Lancaster’s next battle would last not hours, but decades. He decided to follow his father’s career path as a lawyer and applied to Notre Dame’s law school. In his interview with the two senior deans, “it was clear that they didn’t want to take me,” Lancaster said. “I’ll never forget Dean Fascio looking right at me and saying, ‘John, you don’t understand. We’re literally out of seats this year in the first-year class.’ And I said, from my wheelchair, ‘Not to worry, dean, I’ll bring my own.’ Then he asked, ‘How are you going to get up the steps into the building?’ And I said, ‘the same way I got in for this interview. I’m gonna corner a couple of beefy students and ask them to pull me up.” He added: “By the way I notice there are plans for a new wing on the law school and I fully expect it will be completely accessible to people with disabilities under the recently passed standards of the Architectural Barriers Act of 1968.” The deans let him in.

Over years, potential employers dismissed John’s ambition as though reading from a script: “How can you deal with the courthouse steps?” “The law library stacks are too narrow for you; how will you do research?” Or simply, “We don’t think you’ll have the stamina to work in our office.” Finally, Lancaster won his first legal job at the Veterans Administration, “poring over case files in a in a gray office with other guys wearing gray suits and gray complexions.”

So when a prominent disability rights campaigner, Judith Heumann, and another Marine vet, James Maye, rolled their wheelchairs into his office one day, Lancaster seized on their invitation to join the movement as a lawyer for the Paralyzed Veterans of America. “They were building a network of people with disabilities to take on big, basic issues like access to jobs and transportation,” he said. The work would include battling the too-automatic institutionalization of people, notably with developmental and health disabilities. “I toured some pretty ugly facilities in that job,” and “I met a whole bunch of veterans who had paid a high price for war.”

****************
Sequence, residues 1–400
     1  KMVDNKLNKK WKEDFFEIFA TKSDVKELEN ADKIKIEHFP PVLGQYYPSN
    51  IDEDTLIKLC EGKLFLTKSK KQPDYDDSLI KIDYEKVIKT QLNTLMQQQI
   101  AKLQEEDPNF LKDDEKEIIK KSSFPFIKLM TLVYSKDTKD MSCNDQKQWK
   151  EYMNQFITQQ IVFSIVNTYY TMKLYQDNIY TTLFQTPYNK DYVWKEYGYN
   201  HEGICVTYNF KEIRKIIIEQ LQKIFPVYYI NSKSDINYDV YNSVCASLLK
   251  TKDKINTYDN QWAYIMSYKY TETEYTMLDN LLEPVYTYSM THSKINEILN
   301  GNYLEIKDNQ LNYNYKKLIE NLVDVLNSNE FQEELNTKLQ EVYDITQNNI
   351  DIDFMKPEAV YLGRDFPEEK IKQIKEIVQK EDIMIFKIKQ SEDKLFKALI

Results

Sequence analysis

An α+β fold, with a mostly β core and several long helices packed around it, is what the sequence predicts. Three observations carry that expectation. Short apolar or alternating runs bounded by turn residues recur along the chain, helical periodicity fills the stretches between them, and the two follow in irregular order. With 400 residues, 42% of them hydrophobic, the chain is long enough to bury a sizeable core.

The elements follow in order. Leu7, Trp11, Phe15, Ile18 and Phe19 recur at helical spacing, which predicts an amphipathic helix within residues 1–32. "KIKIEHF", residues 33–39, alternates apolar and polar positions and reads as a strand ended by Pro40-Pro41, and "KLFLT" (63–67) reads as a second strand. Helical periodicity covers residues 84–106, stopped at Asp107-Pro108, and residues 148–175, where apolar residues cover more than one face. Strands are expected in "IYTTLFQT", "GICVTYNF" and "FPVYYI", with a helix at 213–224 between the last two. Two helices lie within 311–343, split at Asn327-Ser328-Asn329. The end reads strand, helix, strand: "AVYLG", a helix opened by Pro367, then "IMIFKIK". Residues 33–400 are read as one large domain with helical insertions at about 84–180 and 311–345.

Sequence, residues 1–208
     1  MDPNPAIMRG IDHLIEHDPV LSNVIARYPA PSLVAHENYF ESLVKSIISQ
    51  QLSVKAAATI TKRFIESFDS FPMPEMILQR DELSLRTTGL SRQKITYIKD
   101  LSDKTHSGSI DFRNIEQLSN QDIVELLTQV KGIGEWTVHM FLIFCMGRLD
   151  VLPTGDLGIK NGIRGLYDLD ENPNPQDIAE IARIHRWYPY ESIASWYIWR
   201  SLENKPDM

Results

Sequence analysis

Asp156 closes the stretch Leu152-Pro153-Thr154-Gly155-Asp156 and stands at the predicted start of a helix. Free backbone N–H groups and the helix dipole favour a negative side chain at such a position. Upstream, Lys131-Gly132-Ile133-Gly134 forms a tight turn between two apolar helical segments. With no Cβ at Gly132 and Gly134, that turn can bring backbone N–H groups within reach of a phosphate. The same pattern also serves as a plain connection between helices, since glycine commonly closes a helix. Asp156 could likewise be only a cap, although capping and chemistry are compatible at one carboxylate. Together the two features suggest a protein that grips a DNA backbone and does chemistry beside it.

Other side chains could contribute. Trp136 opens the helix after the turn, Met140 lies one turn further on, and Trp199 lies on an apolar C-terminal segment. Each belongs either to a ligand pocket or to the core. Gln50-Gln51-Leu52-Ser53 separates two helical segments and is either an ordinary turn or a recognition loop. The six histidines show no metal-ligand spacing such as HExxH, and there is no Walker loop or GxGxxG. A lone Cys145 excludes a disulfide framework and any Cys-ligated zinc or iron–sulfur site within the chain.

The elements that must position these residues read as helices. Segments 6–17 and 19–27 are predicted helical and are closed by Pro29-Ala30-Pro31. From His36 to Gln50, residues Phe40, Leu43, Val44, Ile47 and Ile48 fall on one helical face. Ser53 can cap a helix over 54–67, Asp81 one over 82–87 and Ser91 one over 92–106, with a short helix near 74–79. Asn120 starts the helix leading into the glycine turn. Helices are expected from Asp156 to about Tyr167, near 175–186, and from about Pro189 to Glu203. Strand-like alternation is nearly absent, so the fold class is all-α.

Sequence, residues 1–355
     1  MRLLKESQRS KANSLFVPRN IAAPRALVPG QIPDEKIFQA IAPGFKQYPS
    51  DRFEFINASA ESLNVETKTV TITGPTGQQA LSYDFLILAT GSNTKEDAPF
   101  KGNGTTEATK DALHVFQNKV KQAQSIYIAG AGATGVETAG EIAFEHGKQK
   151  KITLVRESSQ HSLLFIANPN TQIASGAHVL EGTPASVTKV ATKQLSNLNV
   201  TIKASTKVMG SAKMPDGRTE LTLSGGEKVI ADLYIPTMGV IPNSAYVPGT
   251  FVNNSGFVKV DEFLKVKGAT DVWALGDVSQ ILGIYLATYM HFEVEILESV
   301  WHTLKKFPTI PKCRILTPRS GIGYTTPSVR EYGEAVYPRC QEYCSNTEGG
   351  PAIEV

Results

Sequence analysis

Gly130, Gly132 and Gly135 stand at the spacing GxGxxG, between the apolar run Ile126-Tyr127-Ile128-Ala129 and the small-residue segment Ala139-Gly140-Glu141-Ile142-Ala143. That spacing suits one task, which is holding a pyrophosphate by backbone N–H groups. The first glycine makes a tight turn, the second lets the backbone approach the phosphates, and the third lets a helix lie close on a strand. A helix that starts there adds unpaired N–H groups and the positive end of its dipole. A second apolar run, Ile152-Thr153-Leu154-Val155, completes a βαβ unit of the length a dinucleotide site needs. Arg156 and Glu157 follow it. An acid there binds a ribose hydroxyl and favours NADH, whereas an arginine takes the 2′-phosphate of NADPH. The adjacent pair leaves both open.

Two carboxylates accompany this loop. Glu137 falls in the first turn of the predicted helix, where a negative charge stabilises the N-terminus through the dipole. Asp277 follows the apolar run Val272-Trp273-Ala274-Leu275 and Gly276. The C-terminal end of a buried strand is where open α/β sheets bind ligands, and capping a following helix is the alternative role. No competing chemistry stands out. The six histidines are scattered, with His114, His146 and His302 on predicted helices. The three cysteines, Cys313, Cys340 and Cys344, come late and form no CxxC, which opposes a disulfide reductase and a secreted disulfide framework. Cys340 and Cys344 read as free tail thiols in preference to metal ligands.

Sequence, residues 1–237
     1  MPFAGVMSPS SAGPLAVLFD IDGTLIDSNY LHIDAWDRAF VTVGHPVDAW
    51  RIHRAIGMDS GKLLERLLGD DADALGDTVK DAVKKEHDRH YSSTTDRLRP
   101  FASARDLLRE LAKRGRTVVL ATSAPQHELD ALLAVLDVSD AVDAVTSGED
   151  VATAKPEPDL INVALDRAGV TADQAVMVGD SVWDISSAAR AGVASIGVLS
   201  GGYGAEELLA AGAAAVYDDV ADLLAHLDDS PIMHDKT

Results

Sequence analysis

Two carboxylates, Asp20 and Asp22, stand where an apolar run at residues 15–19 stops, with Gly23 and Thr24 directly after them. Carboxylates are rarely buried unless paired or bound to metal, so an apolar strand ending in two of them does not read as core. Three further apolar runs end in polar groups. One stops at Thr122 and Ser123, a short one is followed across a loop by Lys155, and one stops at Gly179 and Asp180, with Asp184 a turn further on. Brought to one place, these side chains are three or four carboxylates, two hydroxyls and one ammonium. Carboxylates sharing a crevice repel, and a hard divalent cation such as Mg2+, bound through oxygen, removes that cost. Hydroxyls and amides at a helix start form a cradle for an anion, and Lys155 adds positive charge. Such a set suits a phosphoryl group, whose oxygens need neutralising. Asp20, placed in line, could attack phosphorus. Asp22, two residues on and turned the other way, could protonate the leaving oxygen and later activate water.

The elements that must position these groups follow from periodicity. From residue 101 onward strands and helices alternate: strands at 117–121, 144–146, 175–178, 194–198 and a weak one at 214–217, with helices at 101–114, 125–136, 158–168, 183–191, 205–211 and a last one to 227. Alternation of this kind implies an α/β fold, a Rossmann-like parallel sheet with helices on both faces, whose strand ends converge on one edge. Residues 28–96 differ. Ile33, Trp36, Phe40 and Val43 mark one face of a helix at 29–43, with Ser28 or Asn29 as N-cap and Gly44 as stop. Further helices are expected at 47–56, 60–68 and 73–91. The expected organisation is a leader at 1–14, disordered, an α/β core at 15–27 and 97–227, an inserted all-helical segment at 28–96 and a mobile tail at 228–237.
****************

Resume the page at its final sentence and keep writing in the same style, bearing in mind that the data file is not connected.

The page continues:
That, plus some work representing indigent prisoners at Washington, DC’s jail, fueled Lancaster’s mission. Over seven years he drafted and helped implement Maryland state laws protecting legal rights of people with disabilities. He then moved to the center of the nation’s disability rights revolution. Under the George H.W. Bush and Clinton administrations, Lancaster worked in a small White House office to help Americans understand and implement the 1990 Americans With Disabilities Act—the landmark law that prohibited discrimination in employment and public accommodations against people with disabilities. “We toured all 50 states, explaining the law to the business community, to vocational rehabilitation services and to people with disabilities,” Lancaster said. In each city, “we would hold a big reception to bring everybody together. It was amazing how often the head of the state vocational rehabilitation agency had never even met the head of the chamber of commerce. There was an amazing disconnect between those preparing people with disabilities for the world of work and those who had the jobs!”

Then one day, a quarter-century after Lancaster took a couple of North Vietnamese bullets in a rice paddy, a Vietnamese-American man “just showed up in my office.” Ca Van Tran explained that he was building a campaign to help Vietnamese disabled in the war. “I hear you’re a Vietnam veteran,” Tran said. He asked: Would John help the men he once fought?

Reconciliation in Vietnam